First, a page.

Lastly, the short-term savings from restricting access to newer single tablet regimens will ultimately cost Mississippi more in the long term. While we appreciate the challenges of managing prescription drug costs, any short-term sacrifice in cost will be more than repaid by decreases in other areas of healthcare utilization. Single tablet regimens have been linked to lower hospitalization rates and reduced health care costs.xviii Further, as noted earlier, suppression of viral load achieved through adherence to treatment greatly reduces the likelihood of further transmissions. Each new HIV infection averted saves countless life years and $379,668 in lifetime treatment costs.xix

We share your concern for the health of all Mississippians, especially those living with HIV. For the abovementioned reasons, we strongly urge DOM to promote high quality HIV care for the state’s Medicaid beneficiaries by eliminating prior authorization requirements for Stribild® and Triumeq®. We welcome the opportunity to meet with you to discuss this matter. Please contact Nic Carlisle, executive director of the Southern AIDS Coalition, at (888) 745-2975 or [email protected] for more information.

Thank you for considering our recommendation.

Sincerely,
Southern AIDS Coalition
Southern HIV/AIDS Strategy Initiative
Grace House, Inc.
Mississippi Center for Justice
Mississippi GLBT Activism Society
Mississippi in Action Mississippi PLHIV Caucus
Mississippi Rainbow Center
My Brother’s Keeper, Inc.
Poz Mississippi

Cc: Billy R. Brown, Pharm. D. Clinical Assistant Professor of Pharmacy Practice University of Mississippi Nicholas G. Mosca, DDS STD/HIV Director Mississippi State Department of Health


 

i Centers for Disease Control and Prevention. HIV Surveillance Report: Diagnoses of HIV Infection in the
United States and Dependent Areas, 2014, Table 22; http://www.cdc.gov/hiv/pdf/library/reports/
surveillance/cdc-hiv-surveillance-report-us.pdf.
ii Centers for Disease Control and Prevention. HIV Surveillance Report: Diagnoses of HIV Infection in the
United States and Dependent Areas, 2014, Table 26; http://www.cdc.gov/hiv/pdf/library/reports/
surveillance/cdc-hiv-surveillance-report-us.pdf.
iii Centers for Disease Control and Prevention. HIV Surveillance Report: Diagnoses of HIV Infection in the
United States and Dependent Areas, 2014, Table 23; http://www.cdc.gov/hiv/pdf/library/reports/
surveillance/cdc-hiv-surveillance-report-us.pdf.
iv Reif, S. et al (2014), HIV Diagnoses, Prevalence and Outcomes in Nine Southern States, J Community
Health, DOI 10.1007/s10900-014-9979-7; https://southernaids.files.wordpress.com/2015/01/hivdiagnoses-prevalence-and-outcomes-in-nine-southern-states-final.pdf.
v Mississippi Department of Health, Annual Summary (pending publication).
vi White House Office of National AIDS Policy. National HIV/AIDS Strategy for the United States: Update to
2020; https://www.aids.gov/federal-resources/national-hiv-aids-strategy/nhas-update.pdf.
vii Cohen, M.S. et al (2011), Prevention of HIV-1 Infection with Early Antiretroviral Therapy, The New
England Journal of Medicine 365:493-505; http://www.nejm.org/doi/full/10.1056/
NEJMoa1105243#t=articleResults.
viii Baeten, J.M. et al (2012), Antiretroviral Prophylaxis for HIV Prevention in Heterosexual Men and
Women, The New England Journal of Medicine 367:399-410; http://www.nejm.org/doi/full/10.1056/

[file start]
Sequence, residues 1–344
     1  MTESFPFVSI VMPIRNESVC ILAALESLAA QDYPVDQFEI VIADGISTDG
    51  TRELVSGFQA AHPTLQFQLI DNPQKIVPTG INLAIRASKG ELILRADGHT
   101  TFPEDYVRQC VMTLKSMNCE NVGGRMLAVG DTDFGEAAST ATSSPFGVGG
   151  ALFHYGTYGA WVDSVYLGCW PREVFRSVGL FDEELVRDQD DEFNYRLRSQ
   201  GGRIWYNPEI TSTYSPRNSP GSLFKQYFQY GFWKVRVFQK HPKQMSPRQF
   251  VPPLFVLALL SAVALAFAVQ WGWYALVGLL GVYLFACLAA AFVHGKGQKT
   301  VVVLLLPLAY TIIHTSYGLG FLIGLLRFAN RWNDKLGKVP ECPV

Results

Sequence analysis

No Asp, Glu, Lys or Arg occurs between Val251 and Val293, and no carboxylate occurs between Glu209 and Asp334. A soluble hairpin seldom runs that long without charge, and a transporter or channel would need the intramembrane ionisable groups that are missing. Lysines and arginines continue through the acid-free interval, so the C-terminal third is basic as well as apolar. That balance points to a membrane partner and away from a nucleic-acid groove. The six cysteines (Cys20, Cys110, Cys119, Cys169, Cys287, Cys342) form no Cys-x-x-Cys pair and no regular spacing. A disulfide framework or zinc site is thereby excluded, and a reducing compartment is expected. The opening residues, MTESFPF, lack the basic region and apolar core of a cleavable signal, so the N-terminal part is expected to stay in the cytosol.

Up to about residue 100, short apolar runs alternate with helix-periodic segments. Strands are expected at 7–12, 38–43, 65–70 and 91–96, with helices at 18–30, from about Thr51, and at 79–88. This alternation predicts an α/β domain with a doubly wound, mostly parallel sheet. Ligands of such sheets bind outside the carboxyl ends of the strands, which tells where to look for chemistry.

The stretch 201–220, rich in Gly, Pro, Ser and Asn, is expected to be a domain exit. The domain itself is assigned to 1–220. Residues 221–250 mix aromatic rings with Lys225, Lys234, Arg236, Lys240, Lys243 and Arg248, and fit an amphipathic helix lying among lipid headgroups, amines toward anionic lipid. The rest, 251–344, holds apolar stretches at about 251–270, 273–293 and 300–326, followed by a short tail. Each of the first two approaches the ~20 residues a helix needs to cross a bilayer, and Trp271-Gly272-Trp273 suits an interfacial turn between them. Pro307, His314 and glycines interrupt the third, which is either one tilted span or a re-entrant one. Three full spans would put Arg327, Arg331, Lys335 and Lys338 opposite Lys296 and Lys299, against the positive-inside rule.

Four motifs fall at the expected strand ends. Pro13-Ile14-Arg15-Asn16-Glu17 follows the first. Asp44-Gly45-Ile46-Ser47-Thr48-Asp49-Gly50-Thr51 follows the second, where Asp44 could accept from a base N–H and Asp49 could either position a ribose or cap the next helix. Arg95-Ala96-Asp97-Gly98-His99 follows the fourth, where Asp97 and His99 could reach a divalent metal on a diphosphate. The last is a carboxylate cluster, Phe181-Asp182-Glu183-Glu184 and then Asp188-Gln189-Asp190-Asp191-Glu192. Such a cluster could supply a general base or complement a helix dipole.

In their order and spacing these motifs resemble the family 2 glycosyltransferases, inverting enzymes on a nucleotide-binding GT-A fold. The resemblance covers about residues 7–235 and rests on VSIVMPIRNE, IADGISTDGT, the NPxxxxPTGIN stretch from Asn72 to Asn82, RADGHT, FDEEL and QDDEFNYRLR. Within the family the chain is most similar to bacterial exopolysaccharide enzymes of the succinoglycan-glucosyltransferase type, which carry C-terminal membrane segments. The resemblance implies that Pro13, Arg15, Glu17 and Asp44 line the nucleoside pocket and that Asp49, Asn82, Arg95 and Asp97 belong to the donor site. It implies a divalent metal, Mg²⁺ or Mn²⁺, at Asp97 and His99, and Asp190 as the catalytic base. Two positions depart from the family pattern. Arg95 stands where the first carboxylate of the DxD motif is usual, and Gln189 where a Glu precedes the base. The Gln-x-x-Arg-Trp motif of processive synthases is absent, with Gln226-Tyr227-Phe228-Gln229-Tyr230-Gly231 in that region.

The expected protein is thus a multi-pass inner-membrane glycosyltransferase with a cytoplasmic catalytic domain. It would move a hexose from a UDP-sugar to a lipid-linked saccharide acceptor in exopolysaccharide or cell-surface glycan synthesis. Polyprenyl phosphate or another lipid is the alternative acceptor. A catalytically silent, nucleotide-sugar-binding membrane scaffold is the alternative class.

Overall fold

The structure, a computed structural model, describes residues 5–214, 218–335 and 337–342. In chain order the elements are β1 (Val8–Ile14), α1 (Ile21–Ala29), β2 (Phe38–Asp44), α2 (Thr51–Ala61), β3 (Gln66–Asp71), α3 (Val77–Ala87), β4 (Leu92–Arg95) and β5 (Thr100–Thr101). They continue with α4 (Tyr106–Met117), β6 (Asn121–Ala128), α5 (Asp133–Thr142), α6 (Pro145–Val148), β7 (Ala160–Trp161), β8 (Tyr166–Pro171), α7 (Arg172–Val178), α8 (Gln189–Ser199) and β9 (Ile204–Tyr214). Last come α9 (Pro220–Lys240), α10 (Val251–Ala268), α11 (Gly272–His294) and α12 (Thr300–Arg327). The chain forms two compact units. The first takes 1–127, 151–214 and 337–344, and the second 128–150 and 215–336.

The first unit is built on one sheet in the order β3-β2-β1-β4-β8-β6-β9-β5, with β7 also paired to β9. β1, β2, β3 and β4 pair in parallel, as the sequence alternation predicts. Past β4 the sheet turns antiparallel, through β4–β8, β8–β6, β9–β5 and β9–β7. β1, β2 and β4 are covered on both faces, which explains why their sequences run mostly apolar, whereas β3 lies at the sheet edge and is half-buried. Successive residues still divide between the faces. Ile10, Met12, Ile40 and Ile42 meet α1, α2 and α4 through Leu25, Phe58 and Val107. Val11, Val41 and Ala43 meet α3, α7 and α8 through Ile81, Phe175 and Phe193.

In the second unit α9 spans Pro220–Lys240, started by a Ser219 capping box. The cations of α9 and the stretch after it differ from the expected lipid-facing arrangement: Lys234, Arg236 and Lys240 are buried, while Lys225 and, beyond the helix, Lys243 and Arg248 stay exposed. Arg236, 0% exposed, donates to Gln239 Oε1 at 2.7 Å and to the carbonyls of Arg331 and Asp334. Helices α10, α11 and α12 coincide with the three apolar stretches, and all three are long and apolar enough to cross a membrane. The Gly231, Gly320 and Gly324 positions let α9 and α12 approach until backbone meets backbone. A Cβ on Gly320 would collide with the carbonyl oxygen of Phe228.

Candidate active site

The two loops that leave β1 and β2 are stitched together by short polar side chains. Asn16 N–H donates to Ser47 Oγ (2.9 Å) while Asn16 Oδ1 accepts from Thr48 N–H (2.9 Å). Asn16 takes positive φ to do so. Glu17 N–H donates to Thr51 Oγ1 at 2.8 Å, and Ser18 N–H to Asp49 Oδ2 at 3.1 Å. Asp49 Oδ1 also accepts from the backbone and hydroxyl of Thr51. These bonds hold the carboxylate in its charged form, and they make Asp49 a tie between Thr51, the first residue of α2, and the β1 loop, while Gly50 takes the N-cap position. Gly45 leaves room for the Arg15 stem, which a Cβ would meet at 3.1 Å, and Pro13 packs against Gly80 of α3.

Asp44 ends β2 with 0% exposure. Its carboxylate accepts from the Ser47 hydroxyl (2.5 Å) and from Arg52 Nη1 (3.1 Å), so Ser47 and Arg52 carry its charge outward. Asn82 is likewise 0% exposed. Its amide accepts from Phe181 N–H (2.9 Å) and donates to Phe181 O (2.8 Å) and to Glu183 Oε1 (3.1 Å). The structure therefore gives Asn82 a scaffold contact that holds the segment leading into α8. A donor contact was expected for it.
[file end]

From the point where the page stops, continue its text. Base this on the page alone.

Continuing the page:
NEJMoa1108524.
ix Thigpen, M.C. et al (2012), Antiretroviral Preexposure Prophylaxis for Heterosexual HIV Transmission in
Botswana, The New England Journal of Medicine 367:423-434; http://www.nejm.org/doi/full/10.1056/
NEJMoa1110711.
x Das, M. et al (2010), Decreases in Community Viral Load Are Accompanied by Reductions in New HIV
Infections in San Francisco, PLOS One 5:e11068; http://journals.plos.org/plosone/article?id=10.1371/
journal.pone.0011068.
xi Nachega, J.B. et al (2014), Lower Pill Burden and Once-Daily Dosing Antiretroviral Treatment Regimens
for HIV Infection: A Meta-Analysis of Randomized Controlled Trials, Clin Infect Dis. 2014 May:58(9);
http://cid.oxfordjournals.org/content/58/9/1297.long.
xii Sweet D. et al (2014), Real World Medication Persistence with Single Versus Multiple Tablet Regimens
for HIV-1 Treatment, J Int AIDS Soc. 2014 November 2:17; http://www.jiasociety.org/index.php/jias/
article/view/19537.
xiii Mississippi Division of Medicaid, Pharmacy and Therapeutics Committee Meeting Minutes, August
2014; http://www.naylornetwork.com/med-nwl/articles/index.asp?aid=272951&issueID=39662.
xiv U.S. Department of Health and Human Services, Guidelines for the Use of Antiretroviral Agents in HIV-1
Infected Adults and Adolescents, April 2015; https://aidsinfo.nih.gov/contentfiles/lvguidelines/
adultandadolescentgl.pdf.
xv Mississippi Department of Public Health, CAPUS Executive Summary, http://www.cdc.gov/hiv/pdf/
granteemississippi_web508c.pdf.
xvi See footnote xv.
xvii American Medical Association, Standardization of Prior Authorization Process for Medical Services, June
2011; http://massneuro.org/Resources/Transfer%20from%20old%20sit/AMA%20White%20Paper%
20on%20Standardizing%20Prior%20Authorization.pdf.
xviii Cohen, C.J. et al (2013), Association Between Daily Antiretroviral Pill Burden and Treatment Adherence,
Hospitalization Risk, and Other Healthcare Utilization and Costs in a US Medicaid Population with HIV,
BMJ Open 2013;3; http://www.ncbi.nlm.nih.gov/pmc/articles/PMC3733306/.
xix Centers for Disease Control and Prevention, HIV Cost-effectiveness, 2014;
http://www.cdc.gov/hiv/prevention/ongoing/costeffectiveness/.